Again, we were lucky enough to receive another FAM tour with Discover Banff Tours this week, to do their Johnston Canyon Evening Icewalk.

You may have read my previous posts about doing Johnston Canyon in both Winter and Summer during the day, both were fantastic, so being able to do it at night with a guide was extra special and quite a different experience.

My colleague Layla, our friend Selena and I were collected from the town lot around 6:30 and piled into a minibus with about 12 other local girls from various hotels around Banff and Canmore. Some we had already met from other FAM tours both this year and last. Banff is a small town and you regularly run into people you have been on other excursions with which is really nice.

On the journey out to the Canyon, our guide, Denice told us about herself, the tour company and interestingly, on how unnatural light, such as mobile phones and street lights affects us humans and the wildlife around the world. It was a bit of a shock to see how nature and the human brain reacts to it. The last thing a lot of us do before bed is check our phones and this can affect sleeping, which I was aware of, but I didn’t know the reason why. Apparently this is due to phones giving off artificial blue light. Red light is a way of nature telling us that it’s time to sleep, that is why the last of the sun’s rays are red as it sets, and why doctors tell insomniacs to install a red light in their bedside lamps to fall asleep easier.

Once at the trail head, we were given Ice cleats (much easier to put on that snowshoes!)  and headlamps which we were able to keep.  We headed off into the night, past the resort and down the the Canyon. The 3 of us were eagerly chatting and catching up on each other’s adventures so were constantly behind the group, it was very icy in places and not being able to see too well made it slow going.1Heading down the icy path with our headlamps on.

Once into the Canyon proper and with the metal railing to guide us, we were able to shut off our headlamps to get the full effect of the night sky. Our guide had studied astronomy since 1995 so was well equipped to point out various constellations to us. I found it a bit baffling, it was hard to see where she was pointing at times and most of the time I wasn’t able to figure out what the constellations were, I just saw a bunch of stars, some brighter than others but no pattern. 1Walking on the steel catwalks attached to the Canyon wall.

Something to look into as I think it’s fascinating and she did mention NZ was one of the best places to see the stars as it has such low artificial light. What I did see was Meteorites shooting across the night sky, that night the Geminids meteor shower peaked and apparently as many as 120 meteors an hour could be seen. As we stood there looking up at the stars I saw a couple of bright lights shooting across the sky which I’ll never forget, I could have stared up at that sky for hours and at that point I wished I’d had a decent camera and a tripod instead of an iphone5. Still, its all in my memory.2I think the three of us wished we had better cameras….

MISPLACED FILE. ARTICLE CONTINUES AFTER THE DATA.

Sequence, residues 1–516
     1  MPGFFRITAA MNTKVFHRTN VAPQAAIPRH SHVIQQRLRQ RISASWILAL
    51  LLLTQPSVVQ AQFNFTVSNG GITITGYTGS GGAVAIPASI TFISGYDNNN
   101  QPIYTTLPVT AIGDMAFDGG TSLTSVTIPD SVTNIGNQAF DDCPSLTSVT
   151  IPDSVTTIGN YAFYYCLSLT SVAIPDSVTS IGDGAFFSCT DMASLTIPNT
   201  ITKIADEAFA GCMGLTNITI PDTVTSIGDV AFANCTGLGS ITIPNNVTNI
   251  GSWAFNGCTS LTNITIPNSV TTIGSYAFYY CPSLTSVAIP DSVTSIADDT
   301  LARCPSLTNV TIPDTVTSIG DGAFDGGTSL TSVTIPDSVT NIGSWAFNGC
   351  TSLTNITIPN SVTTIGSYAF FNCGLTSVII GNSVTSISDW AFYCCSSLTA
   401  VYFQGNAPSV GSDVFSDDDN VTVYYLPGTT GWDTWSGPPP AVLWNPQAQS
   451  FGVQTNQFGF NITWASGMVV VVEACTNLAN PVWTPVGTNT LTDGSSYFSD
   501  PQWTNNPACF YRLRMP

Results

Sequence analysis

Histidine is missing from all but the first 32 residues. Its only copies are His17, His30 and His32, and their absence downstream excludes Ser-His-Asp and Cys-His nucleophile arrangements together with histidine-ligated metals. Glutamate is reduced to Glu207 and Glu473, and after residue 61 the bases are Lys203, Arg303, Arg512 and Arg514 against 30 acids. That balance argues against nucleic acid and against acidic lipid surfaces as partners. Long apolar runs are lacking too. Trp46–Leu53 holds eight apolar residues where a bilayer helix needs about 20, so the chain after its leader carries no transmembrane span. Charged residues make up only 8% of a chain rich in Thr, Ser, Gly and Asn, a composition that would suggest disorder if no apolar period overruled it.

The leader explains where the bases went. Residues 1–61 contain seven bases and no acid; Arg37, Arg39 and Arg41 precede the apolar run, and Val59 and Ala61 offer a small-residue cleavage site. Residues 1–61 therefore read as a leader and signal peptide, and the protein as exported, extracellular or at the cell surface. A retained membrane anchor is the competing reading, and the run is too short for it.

On arrival at the lower falls we came across another tour group and stopped for Maple cookies (yum) and hot chocolates. We made our way through the small cave to get a better view of the falls but my camera made it look like a big blob.2I have better photos of this waterfall..

On the walk back we had the opportunity to turn off all of our headlamps and walk in the complete darkness which was eerie but mesmerising as well. The human eye is an amazing organ in that it so quickly adjusts to the darkness. The outlines of the trees and the rocky outcrops of the canyon edges meant we could walk along guided by only the starlight. 3It wasn’t that cold in the Canyon due to it being so sheltered, didn’t even need gloves!

As we neared the resort we turned our headlamps back on and continued over the bridge and back to the van where we handed in our cleats. The trip back to Banff was quiet apart from some us us discussing some of the silly questions we have had from some of our guests which was quite funny.

I’d give this tour a 7 out of 10. The walk is easy, not too strenuous and the ice cleats mean you shouldn’t fall over, it was very icy so you definitely need them. I think folks who have an interest in the constellations would get more out of it than I did in that sense.